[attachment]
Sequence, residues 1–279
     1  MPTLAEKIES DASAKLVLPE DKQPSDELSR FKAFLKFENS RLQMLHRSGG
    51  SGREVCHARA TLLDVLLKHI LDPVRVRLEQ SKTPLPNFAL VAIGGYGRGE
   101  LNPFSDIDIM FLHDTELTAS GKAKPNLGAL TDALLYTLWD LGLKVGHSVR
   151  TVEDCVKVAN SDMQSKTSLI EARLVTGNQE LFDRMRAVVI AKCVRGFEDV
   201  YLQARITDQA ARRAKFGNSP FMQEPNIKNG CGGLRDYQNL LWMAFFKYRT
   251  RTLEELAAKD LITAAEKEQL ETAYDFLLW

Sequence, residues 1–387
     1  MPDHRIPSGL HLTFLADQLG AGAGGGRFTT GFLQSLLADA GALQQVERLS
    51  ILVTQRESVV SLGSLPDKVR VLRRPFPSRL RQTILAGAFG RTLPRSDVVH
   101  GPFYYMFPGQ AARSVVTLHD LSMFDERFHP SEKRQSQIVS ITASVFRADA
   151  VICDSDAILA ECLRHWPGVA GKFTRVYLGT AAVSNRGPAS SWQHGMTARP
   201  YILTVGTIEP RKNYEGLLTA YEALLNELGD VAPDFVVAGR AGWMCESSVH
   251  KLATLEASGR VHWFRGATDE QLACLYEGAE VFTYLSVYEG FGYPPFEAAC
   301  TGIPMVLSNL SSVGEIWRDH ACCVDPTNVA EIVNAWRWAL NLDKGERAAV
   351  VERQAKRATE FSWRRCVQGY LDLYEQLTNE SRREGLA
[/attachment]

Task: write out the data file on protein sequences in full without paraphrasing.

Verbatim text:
Sequence, residues 1–279
     1  MPTLAEKIES DASAKLVLPE DKQPSDELSR FKAFLKFENS RLQMLHRSGG
    51  SGREVCHARA TLLDVLLKHI LDPVRVRLEQ SKTPLPNFAL VAIGGYGRGE
   101  LNPFSDIDIM FLHDTELTAS GKAKPNLGAL TDALLYTLWD LGLKVGHSVR
   151  TVEDCVKVAN SDMQSKTSLI EARLVTGNQE LFDRMRAVVI AKCVRGFEDV
   201  YLQARITDQA ARRAKFGNSP FMQEPNIKNG CGGLRDYQNL LWMAFFKYRT
   251  RTLEELAAKD LITAAEKEQL ETAYDFLLW

Sequence, residues 1–387
     1  MPDHRIPSGL HLTFLADQLG AGAGGGRFTT GFLQSLLADA GALQQVERLS
    51  ILVTQRESVV SLGSLPDKVR VLRRPFPSRL RQTILAGAFG RTLPRSDVVH
   101  GPFYYMFPGQ AARSVVTLHD LSMFDERFHP SEKRQSQIVS ITASVFRADA
   151  VICDSDAILA ECLRHWPGVA GKFTRVYLGT AAVSNRGPAS SWQHGMTARP
   201  YILTVGTIEP RKNYEGLLTA YEALLNELGD VAPDFVVAGR AGWMCESSVH
   251  KLATLEASGR VHWFRGATDE QLACLYEGAE VFTYLSVYEG FGYPPFEAAC
   301  TGIPMVLSNL SSVGEIWRDH ACCVDPTNVA EIVNAWRWAL NLDKGERAAV
   351  VERQAKRATE FSWRRCVQGY LDLYEQLTNE SRREGLA